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Mandatory gratuities in CA restaruants

San Diego, CA |

Is it unlawful to charge a gratuity for restaurant service in CA when not stated on the menu? Or even if it is? If so, can a patron decline to pay it?

Attorney Answers 4


  1. Best answer

    Is this homework? If it's not in the agreement (e.g. menu) prices, which you accept by ordering) - no, it cannot be added later without consent.

    If it's homework, Avvo is not for homework.

    The above is general legal and business analysis. It is not "legal advice" but analysis, and different lawyers may analyse this matter differently, especially if there are additional facts not reflected in the question. I am not your attorney until retained by a written retainer agreement signed by both of us. I am only licensed in California. See also avvo.com terms and conditions item 9, incorporated as if it was reprinted here.


  2. You accept the gratuity term by placing an order, and you become contractually liable for that gratuity amount.

    The information presented here is general in nature and is not intended, nor should be construed, as legal advice. This posting does not create any attorney-client relationship with the author (who is only admitted to practice law in the State of California). For specific advice about your particular situation, consult your own attorney. Sarkis Sirmabekian 818-473-5003.


  3. Multistate contracts question


  4. I agree with Mr. Doland and wish to add a bit of extra information. There does not appear to be a clear California case on point. (If any other attorney knows of one, please post it). Amazingly, in New York, one court ruled that a mandatory "TIP" was not mandatory. However, if you agree, or if it says on the menu or it is announced before you order that a "Seating Fee" or "Service Charge" of a certain percentage will be added to the total of the bill, then the extra fee is probably owed. There probably is not a case on point in California because the amount is probably not worth fighting over. Also, keep in mind that in the New York case, the restaurant called the police and the patron was arrested for' theft of services'. [Ouch!] Even though the customer won, it probably cost many times the restaurant bill to win in court. All the best.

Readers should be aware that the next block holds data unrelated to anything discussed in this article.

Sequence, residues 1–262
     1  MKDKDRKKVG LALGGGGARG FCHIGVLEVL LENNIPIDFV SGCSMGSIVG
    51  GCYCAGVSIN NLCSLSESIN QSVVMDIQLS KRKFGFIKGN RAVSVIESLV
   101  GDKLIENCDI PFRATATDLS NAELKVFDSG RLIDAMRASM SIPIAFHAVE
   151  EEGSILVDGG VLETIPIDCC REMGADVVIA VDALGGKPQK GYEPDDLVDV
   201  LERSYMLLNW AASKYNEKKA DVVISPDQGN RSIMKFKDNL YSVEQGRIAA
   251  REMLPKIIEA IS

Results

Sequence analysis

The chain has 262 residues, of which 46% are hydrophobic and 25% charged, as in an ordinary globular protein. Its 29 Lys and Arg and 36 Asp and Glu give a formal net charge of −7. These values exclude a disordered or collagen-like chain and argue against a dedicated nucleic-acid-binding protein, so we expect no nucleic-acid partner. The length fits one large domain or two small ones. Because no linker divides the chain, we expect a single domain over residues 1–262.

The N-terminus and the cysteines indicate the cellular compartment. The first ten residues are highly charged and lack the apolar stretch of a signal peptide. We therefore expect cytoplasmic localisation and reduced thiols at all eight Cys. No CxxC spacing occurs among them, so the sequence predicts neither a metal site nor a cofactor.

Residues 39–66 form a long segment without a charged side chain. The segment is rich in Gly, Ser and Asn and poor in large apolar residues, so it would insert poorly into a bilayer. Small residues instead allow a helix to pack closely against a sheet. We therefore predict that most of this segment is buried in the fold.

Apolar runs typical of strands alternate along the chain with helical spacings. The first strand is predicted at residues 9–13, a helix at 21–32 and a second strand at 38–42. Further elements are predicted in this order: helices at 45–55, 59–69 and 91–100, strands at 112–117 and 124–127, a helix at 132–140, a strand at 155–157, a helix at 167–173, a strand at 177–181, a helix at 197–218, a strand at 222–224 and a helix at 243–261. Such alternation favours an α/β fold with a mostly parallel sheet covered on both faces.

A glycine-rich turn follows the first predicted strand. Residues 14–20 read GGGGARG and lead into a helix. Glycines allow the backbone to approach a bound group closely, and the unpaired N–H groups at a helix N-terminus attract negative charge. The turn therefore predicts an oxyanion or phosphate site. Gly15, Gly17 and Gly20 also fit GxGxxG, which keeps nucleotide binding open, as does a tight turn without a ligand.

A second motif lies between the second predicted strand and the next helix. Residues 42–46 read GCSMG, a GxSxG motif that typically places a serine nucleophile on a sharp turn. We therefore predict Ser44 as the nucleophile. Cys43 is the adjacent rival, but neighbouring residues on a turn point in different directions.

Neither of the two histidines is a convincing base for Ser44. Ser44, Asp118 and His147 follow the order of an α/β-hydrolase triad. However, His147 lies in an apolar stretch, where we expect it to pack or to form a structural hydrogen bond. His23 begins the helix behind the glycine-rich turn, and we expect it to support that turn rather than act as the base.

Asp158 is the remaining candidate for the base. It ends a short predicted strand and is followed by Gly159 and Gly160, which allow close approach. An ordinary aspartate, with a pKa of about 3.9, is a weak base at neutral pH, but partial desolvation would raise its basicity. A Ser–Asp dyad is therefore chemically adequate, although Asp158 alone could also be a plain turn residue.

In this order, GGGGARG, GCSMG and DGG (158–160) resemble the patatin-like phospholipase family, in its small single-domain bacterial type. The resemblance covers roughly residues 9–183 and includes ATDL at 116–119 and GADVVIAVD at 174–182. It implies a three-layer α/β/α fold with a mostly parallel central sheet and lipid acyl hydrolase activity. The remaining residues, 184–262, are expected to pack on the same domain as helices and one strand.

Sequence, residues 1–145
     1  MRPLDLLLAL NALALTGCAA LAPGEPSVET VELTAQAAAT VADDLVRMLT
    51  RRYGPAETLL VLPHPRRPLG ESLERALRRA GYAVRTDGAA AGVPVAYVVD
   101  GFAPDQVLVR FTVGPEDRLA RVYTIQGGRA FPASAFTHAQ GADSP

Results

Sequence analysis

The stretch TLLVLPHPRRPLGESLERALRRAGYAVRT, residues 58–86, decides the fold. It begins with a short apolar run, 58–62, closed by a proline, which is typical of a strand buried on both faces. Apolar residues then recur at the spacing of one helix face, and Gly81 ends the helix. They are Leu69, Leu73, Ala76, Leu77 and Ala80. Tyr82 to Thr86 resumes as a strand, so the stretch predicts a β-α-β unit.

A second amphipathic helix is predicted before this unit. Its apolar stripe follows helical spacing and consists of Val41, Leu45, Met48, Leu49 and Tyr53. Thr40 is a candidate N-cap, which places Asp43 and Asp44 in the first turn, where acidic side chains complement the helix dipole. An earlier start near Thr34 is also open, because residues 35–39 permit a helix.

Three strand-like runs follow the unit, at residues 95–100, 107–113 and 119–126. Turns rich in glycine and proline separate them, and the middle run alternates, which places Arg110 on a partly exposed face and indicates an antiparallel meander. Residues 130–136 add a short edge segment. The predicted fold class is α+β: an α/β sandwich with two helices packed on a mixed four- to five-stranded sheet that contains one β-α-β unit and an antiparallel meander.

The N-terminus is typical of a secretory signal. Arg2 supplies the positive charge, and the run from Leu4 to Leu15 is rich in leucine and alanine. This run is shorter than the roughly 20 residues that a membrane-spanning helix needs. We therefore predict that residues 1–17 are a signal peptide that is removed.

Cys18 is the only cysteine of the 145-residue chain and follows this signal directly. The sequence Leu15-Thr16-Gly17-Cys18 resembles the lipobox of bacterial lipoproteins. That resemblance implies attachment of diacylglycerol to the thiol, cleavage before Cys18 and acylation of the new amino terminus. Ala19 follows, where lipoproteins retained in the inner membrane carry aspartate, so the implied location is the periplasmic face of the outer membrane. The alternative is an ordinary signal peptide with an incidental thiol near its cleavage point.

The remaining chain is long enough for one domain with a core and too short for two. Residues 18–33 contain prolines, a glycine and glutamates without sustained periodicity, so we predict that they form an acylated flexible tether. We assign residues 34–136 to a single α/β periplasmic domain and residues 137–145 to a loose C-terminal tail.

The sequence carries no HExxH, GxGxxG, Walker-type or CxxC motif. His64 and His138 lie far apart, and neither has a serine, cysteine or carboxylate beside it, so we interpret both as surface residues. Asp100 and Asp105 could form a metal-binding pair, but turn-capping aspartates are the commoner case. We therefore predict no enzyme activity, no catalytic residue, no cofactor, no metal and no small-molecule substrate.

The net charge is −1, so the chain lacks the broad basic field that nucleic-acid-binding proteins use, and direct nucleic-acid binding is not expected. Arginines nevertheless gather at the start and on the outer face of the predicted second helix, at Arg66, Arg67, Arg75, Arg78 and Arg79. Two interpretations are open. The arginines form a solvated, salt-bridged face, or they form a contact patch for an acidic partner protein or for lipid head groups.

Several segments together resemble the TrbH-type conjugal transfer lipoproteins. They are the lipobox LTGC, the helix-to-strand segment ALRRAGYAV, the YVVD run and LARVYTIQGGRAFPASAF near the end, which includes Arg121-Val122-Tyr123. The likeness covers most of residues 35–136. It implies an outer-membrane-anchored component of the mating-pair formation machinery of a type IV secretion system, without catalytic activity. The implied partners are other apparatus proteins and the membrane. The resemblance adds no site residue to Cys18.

*Scott G. Nathan has been licensed to practice law in California since 1983. The information presented here is general in nature and is not intended, nor should it be construed as legal advice for any particular case or matter. This posting does not create any attorney-client relationship with Scott G. Nathan or my law firm. For specific advice about your particular situation, you should consult with an attorney immediately.

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